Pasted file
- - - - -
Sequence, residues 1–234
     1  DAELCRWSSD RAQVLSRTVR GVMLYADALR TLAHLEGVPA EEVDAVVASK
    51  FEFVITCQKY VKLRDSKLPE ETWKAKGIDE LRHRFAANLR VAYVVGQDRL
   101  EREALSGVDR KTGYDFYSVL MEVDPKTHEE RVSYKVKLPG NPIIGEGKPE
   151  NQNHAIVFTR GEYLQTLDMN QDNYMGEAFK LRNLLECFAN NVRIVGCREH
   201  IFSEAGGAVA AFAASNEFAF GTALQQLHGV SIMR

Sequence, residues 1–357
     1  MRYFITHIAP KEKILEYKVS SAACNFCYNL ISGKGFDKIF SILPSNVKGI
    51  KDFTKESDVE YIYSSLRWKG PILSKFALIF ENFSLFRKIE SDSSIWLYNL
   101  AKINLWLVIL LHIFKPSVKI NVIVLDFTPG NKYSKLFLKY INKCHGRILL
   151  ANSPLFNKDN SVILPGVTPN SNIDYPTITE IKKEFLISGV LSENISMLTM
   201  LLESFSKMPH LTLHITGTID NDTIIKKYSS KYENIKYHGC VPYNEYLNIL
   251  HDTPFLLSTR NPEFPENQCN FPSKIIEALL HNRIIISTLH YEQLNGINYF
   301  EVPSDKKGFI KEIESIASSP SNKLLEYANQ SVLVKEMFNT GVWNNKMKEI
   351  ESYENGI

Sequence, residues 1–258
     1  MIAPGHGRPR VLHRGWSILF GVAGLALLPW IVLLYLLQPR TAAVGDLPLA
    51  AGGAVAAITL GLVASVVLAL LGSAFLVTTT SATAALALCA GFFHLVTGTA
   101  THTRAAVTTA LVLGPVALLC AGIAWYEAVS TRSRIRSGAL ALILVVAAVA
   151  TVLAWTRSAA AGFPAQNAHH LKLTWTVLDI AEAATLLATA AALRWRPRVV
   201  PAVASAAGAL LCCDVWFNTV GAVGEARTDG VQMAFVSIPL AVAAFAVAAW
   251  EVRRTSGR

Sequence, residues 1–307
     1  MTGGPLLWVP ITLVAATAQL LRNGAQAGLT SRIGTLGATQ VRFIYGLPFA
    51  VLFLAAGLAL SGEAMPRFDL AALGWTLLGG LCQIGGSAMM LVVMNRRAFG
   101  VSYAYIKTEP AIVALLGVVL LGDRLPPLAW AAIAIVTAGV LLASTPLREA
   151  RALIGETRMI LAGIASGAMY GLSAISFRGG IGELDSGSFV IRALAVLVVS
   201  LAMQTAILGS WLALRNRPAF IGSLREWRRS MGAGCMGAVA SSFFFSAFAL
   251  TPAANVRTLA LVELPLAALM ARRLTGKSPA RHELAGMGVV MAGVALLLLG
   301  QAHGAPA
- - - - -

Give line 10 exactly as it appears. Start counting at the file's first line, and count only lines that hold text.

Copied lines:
   101  AKINLWLVIL LHIFKPSVKI NVIVLDFTPG NKYSKLFLKY INKCHGRILL